Rome rejected this benefit. The Council of Trent was equally divided between those prelates who felt it expedient, in the light of Protestant success, to proclaim that the Word of God should form the basis of Roman Catholic faith, and those who promoted tradition as equal to the Bible in this respect. Bishops of this latter point of view, in practice almost invariably placed tradition above Scripture in settling such matters.

In 1534 Ignatius Loyola had founded the Jesuit Order. Although the order was still in its infancy it had acquired a body of outstanding priests. They were men of insight. Seeing the danger to the church, should the vote result in declaring the Bible as the sole arbiter of truth, they spent time, as we have recorded earlier (See chapter entitled "The Sabbath and the Seal of God"), with Cardinal Gaspari de Fosso, Archbishop of Reggio. These insightful Jesuit priests pointed out to de Fosso that if the Bible was alone to be respected as the arbiter of truth, then the church would be at a loss to support Sunday sacredness, for that doctrine was based upon Roman Catholic tradition alone. De Fosso in his subsequent speech to the assembled bishops did err in assigning the same circumstances to the alteration of circumcision to baptism; for as with Sabbath-keeping, Christ Himself set an example in baptism, and the New Testament amply testified to the cessation of circumcision as a Christian rite.

Circumcision is nothing, and uncircumcision is nothing, (1 Corinthians 7:19),

Paul wrote. (See also 1 Corinthians 7:18, Galatians 2:3, 5:2 and many other verses).

In his book Kanon und Tradition, Heinrich Julius Holtzmann stated:

The Council [of Trent] agreed fully with Ambrosius Pelargus, that under no condition should the Protestants be allowed to triumph by saying that the council had condemned the doctrine of the ancient church. But this practice caused untold difficulty without being able to guarantee certainty. For this business, indeed, "well-nigh divine prudence" was requisite—which the Spanish ambassador acknowledged as belonging to the council on the sixteenth of March, 1562. Indeed, thus far they had not been able to orient themselves to the interchanging, crisscrossing, labyrinthine, twisting passages of an older and newer concept of tradition. But even in this they were to succeed. Finally, at the last opening on the eighteenth of January, 1562, all hesitation was set aside: [Gaspari de Fosso] the Archbishop of Reggio made a speech in which he openly declared that tradition stood above Scripture. The authority of the church could therefore not be bound to the authority of the Scriptures, because the church had changed circumcision into baptism, Sabbath into Sunday, not by the command of Christ, but by its own authority. With this, to be sure, the last illusion was destroyed, and it was declared that tradition does not signify antiquity, but continual inspiration. (Druck and Verlag von Ferd, Ludwigsburg, 1859, p. 263)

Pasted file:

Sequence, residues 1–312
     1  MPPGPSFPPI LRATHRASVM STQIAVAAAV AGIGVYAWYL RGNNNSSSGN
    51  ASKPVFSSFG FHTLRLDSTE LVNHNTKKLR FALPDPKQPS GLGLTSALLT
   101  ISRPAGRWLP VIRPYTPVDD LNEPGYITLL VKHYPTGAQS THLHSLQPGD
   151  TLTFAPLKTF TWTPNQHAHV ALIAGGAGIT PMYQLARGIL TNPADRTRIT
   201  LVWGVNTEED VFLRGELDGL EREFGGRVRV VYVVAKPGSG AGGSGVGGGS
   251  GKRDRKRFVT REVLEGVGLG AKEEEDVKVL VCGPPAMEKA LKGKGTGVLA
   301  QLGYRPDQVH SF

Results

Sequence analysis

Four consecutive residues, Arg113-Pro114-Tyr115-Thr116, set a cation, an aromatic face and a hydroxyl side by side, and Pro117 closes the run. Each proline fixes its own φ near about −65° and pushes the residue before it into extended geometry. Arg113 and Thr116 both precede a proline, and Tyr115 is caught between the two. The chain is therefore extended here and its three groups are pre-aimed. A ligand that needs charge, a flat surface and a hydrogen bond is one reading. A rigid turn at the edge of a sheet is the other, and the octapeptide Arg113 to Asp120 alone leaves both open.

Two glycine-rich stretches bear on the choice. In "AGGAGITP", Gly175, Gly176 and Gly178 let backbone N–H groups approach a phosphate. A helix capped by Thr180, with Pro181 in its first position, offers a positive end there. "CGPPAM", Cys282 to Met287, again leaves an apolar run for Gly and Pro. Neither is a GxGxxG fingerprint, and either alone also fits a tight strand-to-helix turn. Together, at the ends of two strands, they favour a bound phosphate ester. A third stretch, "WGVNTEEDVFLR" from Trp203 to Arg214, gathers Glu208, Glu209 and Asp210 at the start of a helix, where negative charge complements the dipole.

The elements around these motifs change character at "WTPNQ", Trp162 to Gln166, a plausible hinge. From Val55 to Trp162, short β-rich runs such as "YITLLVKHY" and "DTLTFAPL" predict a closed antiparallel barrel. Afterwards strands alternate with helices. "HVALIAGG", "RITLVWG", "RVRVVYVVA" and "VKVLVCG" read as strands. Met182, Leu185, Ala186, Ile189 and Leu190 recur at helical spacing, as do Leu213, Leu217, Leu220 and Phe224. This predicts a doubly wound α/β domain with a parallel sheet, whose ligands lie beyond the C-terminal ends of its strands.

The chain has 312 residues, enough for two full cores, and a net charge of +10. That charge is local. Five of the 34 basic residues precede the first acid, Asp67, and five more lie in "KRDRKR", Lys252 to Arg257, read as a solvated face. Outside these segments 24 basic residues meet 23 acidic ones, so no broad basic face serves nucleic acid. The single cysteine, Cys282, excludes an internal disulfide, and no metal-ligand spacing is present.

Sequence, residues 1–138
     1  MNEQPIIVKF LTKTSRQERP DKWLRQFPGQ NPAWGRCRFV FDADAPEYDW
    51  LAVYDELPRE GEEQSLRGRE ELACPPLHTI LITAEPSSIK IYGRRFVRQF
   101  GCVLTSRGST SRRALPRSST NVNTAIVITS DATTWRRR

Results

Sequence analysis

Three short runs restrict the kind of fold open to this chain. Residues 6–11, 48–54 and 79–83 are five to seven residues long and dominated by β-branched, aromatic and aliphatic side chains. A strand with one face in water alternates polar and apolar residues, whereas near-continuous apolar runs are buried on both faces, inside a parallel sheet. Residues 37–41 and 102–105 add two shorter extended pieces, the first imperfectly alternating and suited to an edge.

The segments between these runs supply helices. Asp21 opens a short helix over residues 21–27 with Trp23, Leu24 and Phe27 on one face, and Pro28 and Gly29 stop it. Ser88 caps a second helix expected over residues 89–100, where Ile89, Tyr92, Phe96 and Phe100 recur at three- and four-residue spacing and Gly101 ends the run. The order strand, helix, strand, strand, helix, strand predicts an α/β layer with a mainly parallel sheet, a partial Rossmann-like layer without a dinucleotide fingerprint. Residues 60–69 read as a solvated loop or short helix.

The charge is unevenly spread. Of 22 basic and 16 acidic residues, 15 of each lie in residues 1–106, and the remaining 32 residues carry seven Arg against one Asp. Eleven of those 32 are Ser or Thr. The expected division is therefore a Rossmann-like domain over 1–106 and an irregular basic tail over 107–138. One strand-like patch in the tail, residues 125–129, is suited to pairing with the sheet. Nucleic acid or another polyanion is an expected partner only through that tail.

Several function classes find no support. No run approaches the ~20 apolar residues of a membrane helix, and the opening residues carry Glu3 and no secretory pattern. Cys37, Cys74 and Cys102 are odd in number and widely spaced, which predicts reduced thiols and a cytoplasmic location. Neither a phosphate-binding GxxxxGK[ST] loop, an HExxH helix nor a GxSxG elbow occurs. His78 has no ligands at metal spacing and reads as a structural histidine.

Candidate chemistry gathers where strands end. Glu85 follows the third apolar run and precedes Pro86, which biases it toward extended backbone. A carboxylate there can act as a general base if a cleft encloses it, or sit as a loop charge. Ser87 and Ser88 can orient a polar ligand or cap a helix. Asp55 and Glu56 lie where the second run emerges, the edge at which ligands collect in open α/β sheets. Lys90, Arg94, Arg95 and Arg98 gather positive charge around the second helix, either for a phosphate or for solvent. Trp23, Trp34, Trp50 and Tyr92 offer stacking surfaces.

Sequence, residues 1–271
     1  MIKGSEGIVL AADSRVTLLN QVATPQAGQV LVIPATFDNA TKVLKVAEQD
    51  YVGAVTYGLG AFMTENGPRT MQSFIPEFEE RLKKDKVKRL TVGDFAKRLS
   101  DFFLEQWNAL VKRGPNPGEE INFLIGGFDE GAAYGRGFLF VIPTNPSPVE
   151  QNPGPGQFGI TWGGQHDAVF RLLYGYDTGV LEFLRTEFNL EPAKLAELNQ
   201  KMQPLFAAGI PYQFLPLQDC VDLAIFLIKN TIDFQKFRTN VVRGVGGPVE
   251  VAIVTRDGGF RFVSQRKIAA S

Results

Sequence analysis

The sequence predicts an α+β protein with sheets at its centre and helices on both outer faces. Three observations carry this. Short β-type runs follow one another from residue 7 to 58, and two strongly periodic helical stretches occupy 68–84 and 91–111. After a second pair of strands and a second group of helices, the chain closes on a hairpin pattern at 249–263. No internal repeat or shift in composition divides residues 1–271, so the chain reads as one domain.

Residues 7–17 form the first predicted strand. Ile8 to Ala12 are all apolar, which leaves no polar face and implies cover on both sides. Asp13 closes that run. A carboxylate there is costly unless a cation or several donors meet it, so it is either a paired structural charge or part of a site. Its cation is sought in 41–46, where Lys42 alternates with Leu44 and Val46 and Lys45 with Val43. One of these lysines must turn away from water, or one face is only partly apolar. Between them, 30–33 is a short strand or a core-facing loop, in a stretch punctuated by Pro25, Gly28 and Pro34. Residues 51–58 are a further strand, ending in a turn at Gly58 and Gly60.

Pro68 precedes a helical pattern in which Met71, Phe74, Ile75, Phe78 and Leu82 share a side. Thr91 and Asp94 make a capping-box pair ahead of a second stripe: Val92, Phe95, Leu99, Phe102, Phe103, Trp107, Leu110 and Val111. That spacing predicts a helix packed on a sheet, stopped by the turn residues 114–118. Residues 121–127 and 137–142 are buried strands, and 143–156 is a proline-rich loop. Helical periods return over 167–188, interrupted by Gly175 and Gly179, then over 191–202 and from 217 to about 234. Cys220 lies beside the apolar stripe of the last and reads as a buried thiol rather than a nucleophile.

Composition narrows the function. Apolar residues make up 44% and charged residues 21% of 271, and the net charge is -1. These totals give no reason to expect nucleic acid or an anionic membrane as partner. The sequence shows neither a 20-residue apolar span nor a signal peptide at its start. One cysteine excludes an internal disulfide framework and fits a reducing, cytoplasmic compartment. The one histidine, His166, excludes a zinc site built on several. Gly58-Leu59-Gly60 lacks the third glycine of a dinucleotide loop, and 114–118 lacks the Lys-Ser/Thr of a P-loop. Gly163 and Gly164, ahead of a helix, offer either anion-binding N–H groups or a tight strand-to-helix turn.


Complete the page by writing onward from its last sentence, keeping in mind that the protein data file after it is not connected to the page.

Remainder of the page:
Cardinal de Fosso’s speech swayed the Bishops. We quote a portion of his speech delivered to the Council of Trent on January 18, 1562. The address was pivotal, for, coached by the Jesuits, it turned the assembly toward Roman Catholic tradition and, effectively, once more along the road of departure from the Word of God. Roman Catholicism had turned its back on the one source of truth and had determined to remain the mighty opponent of the faith of God. In part de Fosso stated,

Such is the condition of the heretics [Protestants] of this age that on nothing do they rely more than that, under the pretense of the word of God, they overthrow the authority of the church; as though the church, His body, could be opposed to the word of Christ, or the head to the body. On the contrary, the authority of the church, then, is illustrated most clearly by the Scriptures; for while on the one hand she recommends them, declares them to be divine, offers them to us to be read, in doubtful matters explains them faithfully, and condemns whatever is contrary to them; on the other hand the legal precepts in the Scriptures taught by the Lord have ceased by virtue of the same authority. The Sabbath, the most glorious day in the law, has been changed into the Lord’s day. Circumcision, enjoined upon Abraham and his seed under such threatening that he who had not been circumcised would be destroyed from among his people, has been so abrogated that the apostle asserts: "If ye be circumcised, ye have fallen from grace, and Christ shall profit you nothing." These and other similar matters have not ceased by virtue of Christ’s teaching (for He says He had come to fulfill the law, not to destroy it), but they have been changed by the authority of the church. Indeed, if she should be removed (since there must be heresies), who would set forth truth, and confound the obstinacy of heretics? All things will be confused, and soon heresies condemned by her authority will spring up again.

The human traditions so dear to Rome had once more confirmed her faith in the words and dictates of fallible men, culminating in 1870 when Pius IX declared himself, his predecessors and his successors to be infallible when speaking ex cathedra, with the full authority of their office.

The Council of Trent did temporarily inject some new life into the city on the banks of the Tiber, but this petered out as Rome’s destiny with prophetic fulfillment marched on apace.

The Papacy had once more, in its search for domination and unscrip-tural authority, offered darkness for light, error for truth, pagan concepts in place of Scriptural truth, human authority overriding divine mandates, pomp to replace the Christian virtue of humility, and hier-archicalism as a substitute for Biblical church order. From this moment the Roman Catholic Church was doomed, for it had confirmed its defiance of the God of heaven and no amount of apparent future success could stall Rome’s inexorable march to its final appointment before the judgment bar of God. On that day there will be no haughty pontiff, no proud prelate, no vain priest, for in that day—

every heart shall melt, and all hands shall be feeble, and every spirit shall faint, and all knees shall be weak as water: behold, it cometh, and shall be brought to pass, saith the Lord God. (Ezekiel 21:7)